Not to be outshined by the aesthetically pleasing 'Playstation Move' is 'Sports Champions,' Sony's highlighted software entry into the world of motion controlled gaming.
Launching the 'Playstation Move' with 'Sports Champions' was a clever idea. One that was obviously borrowed from Nintendo’s entry into the next-generation race with the Wii and 'Wii Sports.' However, instead of taking the foundation of what Nintendo did with 'Wii Sports' and expand on it, Sony just copied the formula with their own twist. This isn't such a bad idea, since we all know how successful 'Wii Sports' was. Although, energized gamers looking for the next evolution of motion controlled gaming will likely be disappointed with the lack of inventiveness revealed in 'Sports Champions.'
One Wand Bundle, but we Need Two!
Resembling an HD upgrade to 'Wii Sports,' 'Sports Champions' is amusing for the first few hours, but without any real substance, it starts to wear thin. In a few weeks time, you will likely forget about 'Sports Champions' as it becomes that old familiar, "I’ll show this off to my friends when they come over" type of game, but it's not going to pull me away from my core games. From one perspective, 'Sports Champions,' like most "sports" games should be focused on the multiplayer/social gameplay aspects which could be applied to 'Sports Champions,' however, it leads me to wonder why they didn’t bundle the 'PS Move' with two wand controllers so we can play with our friends and enjoy the game to its full potential. As it stands 'Sports Champions' being bundled with only one wand makes it a solitary experience that limits the player until they go out and purchase an additional wand, which isn't what the game should be about. Two wands, with the option to by the additional controller, would have been the way to go, but who am I to stand in the way of profit.
Become Champion, 18 Times!
Even with a soured taste of only having one wand bundled with 'Sports Champions,' you can’t ignore the fact that this package has a certain something; even it doesn’t break new ground. 'Sports Champions' is a fun, and depending on your expectations you might really enjoy this compellation of move based mini-games.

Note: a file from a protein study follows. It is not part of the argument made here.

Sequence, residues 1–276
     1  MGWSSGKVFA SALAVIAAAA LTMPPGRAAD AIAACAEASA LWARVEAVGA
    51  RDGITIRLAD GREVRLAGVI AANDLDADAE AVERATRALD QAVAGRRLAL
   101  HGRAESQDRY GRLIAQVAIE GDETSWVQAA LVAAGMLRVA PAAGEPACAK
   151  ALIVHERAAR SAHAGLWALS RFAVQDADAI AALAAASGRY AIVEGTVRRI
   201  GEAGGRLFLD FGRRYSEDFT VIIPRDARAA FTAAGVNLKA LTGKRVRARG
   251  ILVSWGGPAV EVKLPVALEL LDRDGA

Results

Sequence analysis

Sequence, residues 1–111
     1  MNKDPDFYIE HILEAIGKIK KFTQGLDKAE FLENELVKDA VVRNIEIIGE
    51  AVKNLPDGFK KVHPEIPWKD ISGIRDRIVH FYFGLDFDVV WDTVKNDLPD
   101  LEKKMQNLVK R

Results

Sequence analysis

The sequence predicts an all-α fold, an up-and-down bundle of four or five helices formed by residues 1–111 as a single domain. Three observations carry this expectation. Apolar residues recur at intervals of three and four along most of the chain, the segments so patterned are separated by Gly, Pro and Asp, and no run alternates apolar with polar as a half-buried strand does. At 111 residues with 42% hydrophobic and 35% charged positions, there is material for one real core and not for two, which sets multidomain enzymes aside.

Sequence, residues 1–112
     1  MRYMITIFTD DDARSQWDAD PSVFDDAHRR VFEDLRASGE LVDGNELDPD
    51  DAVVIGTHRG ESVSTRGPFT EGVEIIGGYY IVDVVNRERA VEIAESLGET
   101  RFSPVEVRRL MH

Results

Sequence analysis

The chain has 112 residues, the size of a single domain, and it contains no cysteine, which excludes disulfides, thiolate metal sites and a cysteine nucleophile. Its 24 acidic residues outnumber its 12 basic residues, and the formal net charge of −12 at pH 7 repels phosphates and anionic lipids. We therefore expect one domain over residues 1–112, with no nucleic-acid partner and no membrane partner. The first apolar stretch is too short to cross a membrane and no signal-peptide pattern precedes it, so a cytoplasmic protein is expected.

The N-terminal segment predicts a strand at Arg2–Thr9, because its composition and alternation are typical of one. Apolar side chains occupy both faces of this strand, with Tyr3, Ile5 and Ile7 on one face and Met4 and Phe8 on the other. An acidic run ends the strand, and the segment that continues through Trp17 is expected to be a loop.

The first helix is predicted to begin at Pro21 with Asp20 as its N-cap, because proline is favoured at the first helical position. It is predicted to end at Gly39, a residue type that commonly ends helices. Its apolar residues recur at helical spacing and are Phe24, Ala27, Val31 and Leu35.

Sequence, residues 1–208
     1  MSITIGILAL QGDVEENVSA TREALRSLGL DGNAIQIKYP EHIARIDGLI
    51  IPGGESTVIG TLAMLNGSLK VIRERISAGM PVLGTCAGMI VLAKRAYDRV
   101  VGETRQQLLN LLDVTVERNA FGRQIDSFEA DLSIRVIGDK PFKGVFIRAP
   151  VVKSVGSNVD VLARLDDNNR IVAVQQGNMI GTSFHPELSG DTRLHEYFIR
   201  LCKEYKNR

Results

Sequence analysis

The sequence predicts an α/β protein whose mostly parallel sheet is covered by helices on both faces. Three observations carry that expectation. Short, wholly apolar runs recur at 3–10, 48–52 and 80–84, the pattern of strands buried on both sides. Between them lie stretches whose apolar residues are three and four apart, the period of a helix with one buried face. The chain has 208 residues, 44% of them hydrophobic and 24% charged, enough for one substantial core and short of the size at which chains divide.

Six games are presented in this package, each with the option to enter the tournament modes (three different difficulties), play some multiplayer against 1-4 other players, or take on some of challenges once they are unlocked. For multiplayer, one wand will work with two of games, for anything more you will need to pick up another wand or two. Aside from Trophies and unlocking a few challenges, characters, and outfits, 'Sports Champions' does little to motivate the player. If a few unlockables is enough, then you will be satisfied. Although, I would have liked to see something a little more comprehensive, or something else to draw the player in.
Hey 'Sports Champions' turn down the Stereo!
Starting us off in 'Sports Champions' is a group of 10 pre-made characters, who have stereotype written all over them. It seems like Sony appointed developer 'Zindagi Games' wanted to make it a point to hit several different ethnic groups, which is fine, but they really didn’t need to play into shameful stereotypes. Besides each character liking a different type of sport, they could have done something to tie them together. Even 'Mortal Kombat' has given its game its own rag-tag history. Disregarding the lack of real substance among the events and the champions, let’s get to the heart of the game, the mini-games. Even if the rest of the project is sinking, these games can start to pull 'Sports Champions' afloat.
'Disc Golf,' or "Frisbee" as most people call it is one of my favourite events in 'Sports Champions.' It can be played with the single wand and enjoyed in multiplayer if you wish. The mechanics introduce the player to the basic throwing of a frisbee, working its way up to a more competitive spirit by adding wind conditions and utilizing different styles of discs. The rules are taken from Golf, just played with a frisbee. 'Wii Tiger Woods' fans should be familiar with this mode. It’s fairly straight forward with a number of courses from icy forests to damp caves that will keep your interest as you roll through the three tournaments.
Bocce ball is probably the most common game that most people would play outside for "real" (well at least with my circle of friends.) Bocce is a game of skill and unlike some of the other match-ups in 'Sports Champions' you actually feel like you’re improving as you play the game. The weight of balls and the accuracy really shows off the tech here and is a fun multiplayer game that can also be enjoyed with one wand. Initally I thought this was an odd entry, but after playing it a bit, it fits in perfectly with this Move showcase.
'Beach volleyball' is the off mix of the bunch, well, maybe after 'Gladiator Dual.' The mechanics here are tilted towards a two wand set-up, although it works “good enough” with one. The movements are automatic in the game with your players moving to the ball in such, all you have to decide is how you are going to hit the ball of a serve or retaliate. Out of all the games in 'Sports Champions,' this one seemed the sloppiest. It found it was easy to miscommunicate what you wanted to get accomplished, making it extremely frustrating at times. Also, 'Beach Volleyball' is an active sport with a lot of moving, so unlike the other "stationary" styled games, it really hurts the experience by not being able to move your character. Sure, its automated, but that's not a lot of fun.